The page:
The company purchased biodegradable BioTuff liners for the toters to keep them clean, but customers haven’t had to use them yet. “The customer is responsible for keeping the toters clean, but we haven’t had problems because the material, be it flour or coffee grinds, falls right out,” says Tarentino.
TRAINING THE GENERATORS
Tarentino spends up to a day at each customer’s business to figure out the best way to collect the compostables. “I’ll go into a facility and watch how the trash and food waste flows and what their system is for dumping it into containers,” he says. “We have to make it work for the customer and set them up with a program that will be the least disruptive. You can’t take away from a customer’s efficiencies. That is why we offer some dumpsters and some toters.” Upon request, Planet Police provides signage to put up in their food prep areas. Tarentino also shows the employees what can and cannot be composted. “We’re not going to do the work for them,” he notes. “Making this work requires the cooperation of both the customer and its employees.”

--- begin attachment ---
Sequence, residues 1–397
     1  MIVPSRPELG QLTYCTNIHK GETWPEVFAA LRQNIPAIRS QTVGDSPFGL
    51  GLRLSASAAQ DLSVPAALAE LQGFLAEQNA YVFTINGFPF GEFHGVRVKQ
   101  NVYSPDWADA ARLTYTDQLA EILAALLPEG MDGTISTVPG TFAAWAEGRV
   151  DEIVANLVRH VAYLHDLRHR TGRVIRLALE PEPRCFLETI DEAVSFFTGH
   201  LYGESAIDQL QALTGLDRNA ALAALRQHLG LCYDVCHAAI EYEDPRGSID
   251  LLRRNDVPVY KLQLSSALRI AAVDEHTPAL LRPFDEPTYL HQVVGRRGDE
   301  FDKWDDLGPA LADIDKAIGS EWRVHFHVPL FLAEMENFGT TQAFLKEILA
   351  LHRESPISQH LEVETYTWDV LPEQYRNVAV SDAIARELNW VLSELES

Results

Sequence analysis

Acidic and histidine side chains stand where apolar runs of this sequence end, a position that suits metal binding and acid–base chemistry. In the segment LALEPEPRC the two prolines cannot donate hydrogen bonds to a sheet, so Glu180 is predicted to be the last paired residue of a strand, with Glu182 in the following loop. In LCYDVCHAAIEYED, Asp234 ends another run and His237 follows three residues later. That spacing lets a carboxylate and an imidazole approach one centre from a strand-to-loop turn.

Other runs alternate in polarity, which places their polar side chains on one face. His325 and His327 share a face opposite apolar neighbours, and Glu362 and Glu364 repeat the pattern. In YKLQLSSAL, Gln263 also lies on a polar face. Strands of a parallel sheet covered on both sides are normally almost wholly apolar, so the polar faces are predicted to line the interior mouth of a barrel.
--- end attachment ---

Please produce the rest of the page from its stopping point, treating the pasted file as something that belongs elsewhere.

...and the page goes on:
He follows up with each business until the program is working correctly. So far, customers have been good about keeping contaminants like plastic out of the compostables. “We haven’t had to reject a load yet,” he adds.
RATES AND EXPANSION
Tarentino estimates that the cost of having organics collected for composting is 60 percent of what it would be to pay a trash hauler to collect them for landfilling or incineration. He says some customers now use Planet Police to haul their food residuals, cardboard and trash. “Customers who do this get the benefits of better service, one phone number to remember, and one invoice at the end of the month,” he says.